Minister lauds importance of small businesses at Langley Chamber meeting
Small business is important, and the minister responsible doesn’t want regulations getting in the way.
That was the message Naomi Yamamoto gave to members of Greater Langley Chamber of Commerce at their monthly meeting on Tuesday, Nov. 20. The North Vancouver-Lonsdale MLA is very familiar with chambers of commerce — she is a former small business owner and executive director of the North Vancouver chamber.
Yamamoto said 98 per cent of businesses in B.C. are small businesses, and many have five employers or less. In total, they employ over one million B.C. residents.
Even though all businesses have had challenges since the recession hit in 2008, Yamamoto said small businesses have been the most resilient. Large businesses have reduced employment levels by eight per cent since that time, while small businesses have reduced employment by just one-half per cent, she said, showing that small businesses know the value of their employees.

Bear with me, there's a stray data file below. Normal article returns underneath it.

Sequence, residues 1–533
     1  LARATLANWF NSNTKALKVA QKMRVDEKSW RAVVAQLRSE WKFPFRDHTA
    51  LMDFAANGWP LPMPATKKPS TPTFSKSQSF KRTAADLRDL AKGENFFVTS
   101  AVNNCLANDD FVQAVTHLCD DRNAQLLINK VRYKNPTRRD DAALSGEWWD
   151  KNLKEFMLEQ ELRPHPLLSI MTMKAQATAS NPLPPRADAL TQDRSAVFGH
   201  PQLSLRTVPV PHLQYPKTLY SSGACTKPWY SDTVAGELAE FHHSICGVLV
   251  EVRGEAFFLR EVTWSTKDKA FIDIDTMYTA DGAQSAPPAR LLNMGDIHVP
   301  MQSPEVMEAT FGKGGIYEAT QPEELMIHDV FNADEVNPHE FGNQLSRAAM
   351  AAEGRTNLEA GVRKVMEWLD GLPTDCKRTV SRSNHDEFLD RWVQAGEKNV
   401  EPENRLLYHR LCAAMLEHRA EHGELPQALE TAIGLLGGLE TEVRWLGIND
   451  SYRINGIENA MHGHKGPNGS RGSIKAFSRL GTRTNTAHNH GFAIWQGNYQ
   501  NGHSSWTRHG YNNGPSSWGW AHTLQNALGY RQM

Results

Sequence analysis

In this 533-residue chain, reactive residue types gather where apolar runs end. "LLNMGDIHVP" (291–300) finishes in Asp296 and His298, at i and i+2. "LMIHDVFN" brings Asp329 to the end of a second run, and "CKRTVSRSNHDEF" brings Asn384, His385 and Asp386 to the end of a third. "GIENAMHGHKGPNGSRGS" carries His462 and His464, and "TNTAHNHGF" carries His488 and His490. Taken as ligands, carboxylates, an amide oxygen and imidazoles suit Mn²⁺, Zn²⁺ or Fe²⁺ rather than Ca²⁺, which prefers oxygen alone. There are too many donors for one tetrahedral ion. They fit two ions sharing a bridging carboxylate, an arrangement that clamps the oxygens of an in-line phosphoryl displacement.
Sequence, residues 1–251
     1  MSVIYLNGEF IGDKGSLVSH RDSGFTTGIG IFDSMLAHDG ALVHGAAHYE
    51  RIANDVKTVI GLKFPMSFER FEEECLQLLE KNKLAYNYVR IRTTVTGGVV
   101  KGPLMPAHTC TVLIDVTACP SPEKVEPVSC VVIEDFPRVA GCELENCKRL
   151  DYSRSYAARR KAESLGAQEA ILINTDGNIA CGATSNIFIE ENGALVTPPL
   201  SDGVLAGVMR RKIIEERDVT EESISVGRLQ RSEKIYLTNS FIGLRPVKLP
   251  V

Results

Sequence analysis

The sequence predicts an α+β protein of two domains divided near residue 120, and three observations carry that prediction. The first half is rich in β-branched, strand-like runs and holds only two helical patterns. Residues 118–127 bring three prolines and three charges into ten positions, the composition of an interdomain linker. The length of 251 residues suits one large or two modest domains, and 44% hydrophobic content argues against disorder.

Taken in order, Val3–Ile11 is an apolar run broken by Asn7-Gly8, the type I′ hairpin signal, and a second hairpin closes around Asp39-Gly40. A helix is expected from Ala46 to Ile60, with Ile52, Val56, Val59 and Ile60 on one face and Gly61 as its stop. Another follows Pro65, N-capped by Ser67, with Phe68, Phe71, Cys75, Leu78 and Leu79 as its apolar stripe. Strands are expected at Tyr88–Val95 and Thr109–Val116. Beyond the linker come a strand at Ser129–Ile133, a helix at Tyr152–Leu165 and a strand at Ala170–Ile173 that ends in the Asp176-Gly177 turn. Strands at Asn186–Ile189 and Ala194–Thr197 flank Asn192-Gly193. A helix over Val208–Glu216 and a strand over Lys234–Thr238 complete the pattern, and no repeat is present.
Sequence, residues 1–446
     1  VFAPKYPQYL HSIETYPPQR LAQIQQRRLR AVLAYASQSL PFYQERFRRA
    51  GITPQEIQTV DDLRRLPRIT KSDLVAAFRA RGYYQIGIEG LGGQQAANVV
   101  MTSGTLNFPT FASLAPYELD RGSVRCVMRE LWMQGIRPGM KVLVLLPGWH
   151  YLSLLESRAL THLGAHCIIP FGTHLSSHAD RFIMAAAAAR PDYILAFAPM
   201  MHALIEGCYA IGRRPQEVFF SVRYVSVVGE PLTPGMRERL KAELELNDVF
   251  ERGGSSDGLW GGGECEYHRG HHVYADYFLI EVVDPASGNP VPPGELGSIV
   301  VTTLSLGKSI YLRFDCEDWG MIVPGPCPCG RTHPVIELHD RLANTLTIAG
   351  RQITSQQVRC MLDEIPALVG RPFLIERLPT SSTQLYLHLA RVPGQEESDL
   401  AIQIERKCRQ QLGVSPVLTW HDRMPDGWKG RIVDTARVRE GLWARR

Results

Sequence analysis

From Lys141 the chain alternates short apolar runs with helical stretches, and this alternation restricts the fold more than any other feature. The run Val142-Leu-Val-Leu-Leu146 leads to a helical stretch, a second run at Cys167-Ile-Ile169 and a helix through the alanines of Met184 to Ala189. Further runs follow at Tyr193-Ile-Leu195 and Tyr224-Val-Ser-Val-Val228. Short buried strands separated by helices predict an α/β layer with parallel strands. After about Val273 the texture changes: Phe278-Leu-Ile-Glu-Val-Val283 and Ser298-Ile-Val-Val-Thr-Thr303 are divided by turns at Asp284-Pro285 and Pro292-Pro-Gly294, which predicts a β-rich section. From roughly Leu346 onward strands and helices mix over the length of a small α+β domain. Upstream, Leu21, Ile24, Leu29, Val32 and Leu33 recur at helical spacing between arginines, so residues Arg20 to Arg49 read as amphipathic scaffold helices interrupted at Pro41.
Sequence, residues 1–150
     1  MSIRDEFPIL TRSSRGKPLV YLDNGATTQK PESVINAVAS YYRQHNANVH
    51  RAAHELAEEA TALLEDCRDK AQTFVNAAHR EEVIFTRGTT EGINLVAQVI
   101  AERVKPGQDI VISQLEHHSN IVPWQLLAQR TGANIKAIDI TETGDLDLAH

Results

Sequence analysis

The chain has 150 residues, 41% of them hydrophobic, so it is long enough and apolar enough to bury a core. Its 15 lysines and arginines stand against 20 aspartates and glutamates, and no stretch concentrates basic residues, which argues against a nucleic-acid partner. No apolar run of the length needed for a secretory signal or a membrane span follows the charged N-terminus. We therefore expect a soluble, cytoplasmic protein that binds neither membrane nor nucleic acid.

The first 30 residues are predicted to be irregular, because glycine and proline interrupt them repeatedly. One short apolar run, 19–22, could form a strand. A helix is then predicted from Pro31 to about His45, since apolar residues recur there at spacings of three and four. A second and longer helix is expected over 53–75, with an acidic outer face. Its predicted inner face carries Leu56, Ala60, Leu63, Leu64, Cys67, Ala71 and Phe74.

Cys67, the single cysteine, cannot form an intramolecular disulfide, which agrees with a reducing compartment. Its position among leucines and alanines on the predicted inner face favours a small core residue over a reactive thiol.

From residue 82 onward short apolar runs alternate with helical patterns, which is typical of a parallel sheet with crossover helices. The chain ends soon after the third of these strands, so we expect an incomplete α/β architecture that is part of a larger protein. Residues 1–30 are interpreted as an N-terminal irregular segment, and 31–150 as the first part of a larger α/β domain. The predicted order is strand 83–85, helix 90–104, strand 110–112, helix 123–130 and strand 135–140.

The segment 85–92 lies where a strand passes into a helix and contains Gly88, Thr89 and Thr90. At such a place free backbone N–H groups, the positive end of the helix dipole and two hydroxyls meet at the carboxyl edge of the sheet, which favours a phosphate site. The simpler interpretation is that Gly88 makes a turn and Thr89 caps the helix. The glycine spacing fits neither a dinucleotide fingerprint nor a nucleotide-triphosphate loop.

She said one of her jobs is to oversee regulatory perform, and she wants to hear from business operators about “what regulations get in the way of your business.”
She asked that business people send her an email to tell them how regulations are impacting their business.
Her email address is email@example.com.
The BC Liberal government has reduced regulations by 42 per event since 2001, she said, taking 150,000 regulations off the books, “but we need to keep our foot on the gas and keep reducing red tape.”
She praised the Langley chamber for its persistence in lobbying for mobile business licences, and thanked the City and Township for their co-operation.
“This took leadership from the chamber and others,” she said.
Yamamoto is also working on a small business accord that will spell out rights and responsibilities. She calls it “a document that will hold government accountable to businesses.” She asked that those who wish to have input on it check out the small business accord website at http://www.bcjobsplan.ca/bc-small-business-accord-survey/
While she said that going back to the PST “is the worst thing we can do” (from a business perspective), she said the government respects the vote that was held and will be making information about the transition to the PST available.
“You will be inundated with information shortly,” she said.